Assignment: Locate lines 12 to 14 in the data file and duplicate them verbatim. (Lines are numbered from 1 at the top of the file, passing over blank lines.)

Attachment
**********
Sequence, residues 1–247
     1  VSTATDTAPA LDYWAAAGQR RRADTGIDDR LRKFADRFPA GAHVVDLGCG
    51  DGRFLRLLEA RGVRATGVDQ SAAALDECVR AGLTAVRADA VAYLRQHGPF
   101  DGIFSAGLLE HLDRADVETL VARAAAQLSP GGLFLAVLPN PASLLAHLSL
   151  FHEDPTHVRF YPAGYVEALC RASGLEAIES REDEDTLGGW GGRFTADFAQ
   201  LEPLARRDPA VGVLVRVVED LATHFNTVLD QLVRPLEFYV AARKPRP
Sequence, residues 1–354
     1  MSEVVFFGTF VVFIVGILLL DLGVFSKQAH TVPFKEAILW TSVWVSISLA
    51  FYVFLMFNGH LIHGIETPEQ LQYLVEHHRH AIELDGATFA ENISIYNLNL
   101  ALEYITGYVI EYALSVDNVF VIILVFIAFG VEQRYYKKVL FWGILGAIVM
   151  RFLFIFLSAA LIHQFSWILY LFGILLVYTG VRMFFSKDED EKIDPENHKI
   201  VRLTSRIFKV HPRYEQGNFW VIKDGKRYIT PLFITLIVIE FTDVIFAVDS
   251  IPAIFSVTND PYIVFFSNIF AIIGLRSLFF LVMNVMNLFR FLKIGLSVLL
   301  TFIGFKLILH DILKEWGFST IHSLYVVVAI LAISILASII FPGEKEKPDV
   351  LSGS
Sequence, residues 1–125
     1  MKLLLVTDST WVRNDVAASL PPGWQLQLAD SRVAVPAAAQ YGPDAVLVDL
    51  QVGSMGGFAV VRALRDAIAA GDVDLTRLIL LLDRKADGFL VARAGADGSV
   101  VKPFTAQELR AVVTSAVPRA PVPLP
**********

   201  VRLTSRIFKV HPRYEQGNFW VIKDGKRYIT PLFITLIVIE FTDVIFAVDS
   251  IPAIFSVTND PYIVFFSNIF AIIGLRSLFF LVMNVMNLFR FLKIGLSVLL
   301  TFIGFKLILH DILKEWGFST IHSLYVVVAI LAISILASII FPGEKEKPDV